View media item 117885
After driving from Dallas to Kansas City, I arrived at the KCP&L power plant in the afternoon, and after meeting the very friendly and helpful staff and watching a mandatory safety video (the KP&L facility in Independence, MO is a working power plant with coal and natural gas turbines in operation), I drove my Model S to a section of the facility where the fuel cell is located and plugged into the Chargepoint unit that’s adjacent to the stationary fuel cell. A few moments later, I was drawing 240V/16A, which was 50% of the fuel cell’s output at that time. (The system is designed to share the power equally between the two Chargepoint connections and another car, a Chevy Volt, was there charging at the same time.)

View media item 117886
During the next hour or so, I charged my Model S using power from their fuel cell setup while I chatted with the folks from First Element Energy and an engineer from KCP&L about stationary fuel cell technology and the usefulness of stationary hydrogen fuel cells, both as backup and as standalone power sources. During my visit, they severed the connection from the grid to the fuel cell so that we could witness the cutover to the fuel cell and then later, we restored grid power and witnessed the fuel cell automatically returning to standby mode.

View media item 117887
After my visit concluded, I drove back to Dallas, my return journey powered, in part, by hydrogen.

As a Tesla owner, I’m happy to help increase awareness that BEVs aren’t really “battery powered.” They’re ultimately powered by whatever produces the electricity that is stored in our rechargeable battery. This could be wind, solar, natural gas, geothermal, hydrodynamic, or even hydrogen. This probably isn’t surprising to most of us here, but it may be tough for the layperson, unaccustomed to non-ICE vehicles, to take a step back and see jut how flexible a BEV is—that whatever charges the battery is ultimately what’s powering the car.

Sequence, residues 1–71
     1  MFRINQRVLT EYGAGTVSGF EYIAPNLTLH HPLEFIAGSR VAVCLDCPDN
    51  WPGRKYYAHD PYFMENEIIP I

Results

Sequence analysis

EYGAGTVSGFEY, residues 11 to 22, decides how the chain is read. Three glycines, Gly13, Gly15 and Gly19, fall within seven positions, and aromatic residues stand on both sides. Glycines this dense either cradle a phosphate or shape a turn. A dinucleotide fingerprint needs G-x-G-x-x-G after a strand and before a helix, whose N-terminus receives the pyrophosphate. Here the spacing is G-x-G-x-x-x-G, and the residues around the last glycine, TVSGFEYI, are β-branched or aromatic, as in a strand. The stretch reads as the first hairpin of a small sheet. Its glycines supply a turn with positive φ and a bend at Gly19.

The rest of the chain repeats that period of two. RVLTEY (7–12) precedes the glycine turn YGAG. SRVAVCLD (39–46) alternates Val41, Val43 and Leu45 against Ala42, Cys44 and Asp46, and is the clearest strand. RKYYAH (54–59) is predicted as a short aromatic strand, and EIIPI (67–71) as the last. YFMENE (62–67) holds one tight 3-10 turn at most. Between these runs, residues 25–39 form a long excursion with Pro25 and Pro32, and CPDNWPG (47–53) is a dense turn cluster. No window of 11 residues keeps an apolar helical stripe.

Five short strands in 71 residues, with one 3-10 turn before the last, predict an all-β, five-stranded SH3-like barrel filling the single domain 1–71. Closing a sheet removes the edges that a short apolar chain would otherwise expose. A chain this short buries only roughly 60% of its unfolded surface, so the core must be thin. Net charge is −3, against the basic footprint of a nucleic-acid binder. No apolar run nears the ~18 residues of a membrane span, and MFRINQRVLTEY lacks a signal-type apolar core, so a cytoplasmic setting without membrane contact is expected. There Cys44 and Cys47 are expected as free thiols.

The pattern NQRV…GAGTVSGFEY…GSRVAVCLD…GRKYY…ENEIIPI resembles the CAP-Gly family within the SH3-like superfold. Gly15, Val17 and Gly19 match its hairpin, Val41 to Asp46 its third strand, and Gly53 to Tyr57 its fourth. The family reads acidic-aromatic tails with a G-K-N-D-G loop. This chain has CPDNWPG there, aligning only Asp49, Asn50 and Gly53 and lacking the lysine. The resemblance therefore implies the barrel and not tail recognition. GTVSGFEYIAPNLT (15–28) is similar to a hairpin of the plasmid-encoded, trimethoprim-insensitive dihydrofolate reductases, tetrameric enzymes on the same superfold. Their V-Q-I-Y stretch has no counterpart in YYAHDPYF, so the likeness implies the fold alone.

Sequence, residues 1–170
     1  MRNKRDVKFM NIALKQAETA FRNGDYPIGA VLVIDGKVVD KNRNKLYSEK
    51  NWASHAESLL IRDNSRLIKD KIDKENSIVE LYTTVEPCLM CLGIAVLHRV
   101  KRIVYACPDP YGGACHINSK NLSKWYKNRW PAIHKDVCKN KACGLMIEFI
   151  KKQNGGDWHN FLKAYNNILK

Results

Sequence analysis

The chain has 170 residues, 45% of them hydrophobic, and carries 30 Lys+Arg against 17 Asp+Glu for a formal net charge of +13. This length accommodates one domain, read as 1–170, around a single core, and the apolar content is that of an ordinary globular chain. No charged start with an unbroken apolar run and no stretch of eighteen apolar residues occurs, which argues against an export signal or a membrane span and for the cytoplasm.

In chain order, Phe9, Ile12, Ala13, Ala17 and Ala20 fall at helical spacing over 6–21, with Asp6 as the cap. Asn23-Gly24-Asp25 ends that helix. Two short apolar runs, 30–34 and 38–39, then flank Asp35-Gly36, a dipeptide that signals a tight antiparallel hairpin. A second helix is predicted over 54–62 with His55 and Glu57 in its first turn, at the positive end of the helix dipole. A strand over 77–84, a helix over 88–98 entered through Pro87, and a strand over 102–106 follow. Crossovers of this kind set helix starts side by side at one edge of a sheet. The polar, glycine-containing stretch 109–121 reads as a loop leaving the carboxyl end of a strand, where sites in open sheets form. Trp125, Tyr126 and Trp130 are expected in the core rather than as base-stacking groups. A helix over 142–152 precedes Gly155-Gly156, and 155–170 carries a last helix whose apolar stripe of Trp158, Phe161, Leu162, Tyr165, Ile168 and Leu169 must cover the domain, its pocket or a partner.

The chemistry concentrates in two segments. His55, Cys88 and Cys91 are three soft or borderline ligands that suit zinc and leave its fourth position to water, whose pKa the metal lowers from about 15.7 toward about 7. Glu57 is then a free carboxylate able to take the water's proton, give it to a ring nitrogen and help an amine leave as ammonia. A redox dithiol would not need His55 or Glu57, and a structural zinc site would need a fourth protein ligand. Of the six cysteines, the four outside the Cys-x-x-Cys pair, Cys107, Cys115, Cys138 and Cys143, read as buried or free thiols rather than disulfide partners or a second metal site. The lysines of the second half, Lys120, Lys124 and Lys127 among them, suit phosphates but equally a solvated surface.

We tend to think that BEVs’ greatest strength is that they don’t run on gasoline. While that’s obviously huge, I now have a slightly different perspective. I now tend to think that a BEV’s greatest strength is its versatility, considering the many, increasingly clean, ways we have of generating electricity today. So yes, if anyone asks, we Tesla owners have a car that’s capable of being powered by hydrogen. I know, I’ve done it!

I would like to thank the very friendly and helpful people at First Element Energy of Lenexa, KS and the staff of Kansas City Power & Light, who took most of their afternoon to indulge my curiosity with this technology demonstration. They are all very clearly passionate about what they do and about the role they’re playing in advancing clean energy production.
 

nwdiver

Well-Known Member
Feb 17, 2013
8,475
11,688
United States
I've never understood why Hydrogen is the preferred fuel source here... Methane is cheaper, FAR easier to transport and there are already filling stations in many locations. Methane from biogas would probably be cheaper than H2 from electrolysis so it would likely be more sustainable too. >95% of Hydrogen comes from Methane anyway....
 

jaguar36

Active Member
Apr 10, 2014
2,098
1,898
NJ
So yes, if anyone asks, we Tesla owners have a car that’s capable of being powered by hydrogen. I know, I’ve done it!.
Its not really powered by hydrogen. The energy is stored at one point as hydrogen, but its still powered by electricity. Far more important though is where did the hydrogen come from? Right now it mostly comes from natural gas, which is not a great solution.

Why not just use a solar panel? (which also incidentally uses hydrogen in the Sun)
 

Rockster

Active Member
Oct 22, 2013
3,014
4,699
McKinney, TX
@Rockster thanks for posting. FYI the images won't load for me: error is "You do not have permission to view media within this album"

I think I set the media permissions incorrectly. Any hints on how I fix that? When I go look at the album with those three images, there seems to be no way to alter permissions.

Later...

I think I fixed the permissions, the images should be visible now.
 
Last edited:

voyager

Member
Apr 28, 2009
971
537
Amsterdam, Netherlands
Upon learning of the [hydrogen] > [fuel cell] > [battery] > [electric motor] paradigm of the typical hydrogen vehicle, it occurred to me that just as any battery electric vehicle can be powered by solar or wind, BEVs can also be powered by hydrogen, in the form of a stationary fuel cell. (“Electrons are electrons,” as someone recently said to me.)

(In fact, because a “typical” hydrogen vehicle is ultimately propelled by a battery and an electric motor, one might argue that BEVs, which are dramatically outselling onboard hydrogen vehicles, are better ambassadors for the benefits of clean hydrogen than “traditional” hydrogen vehicles are!)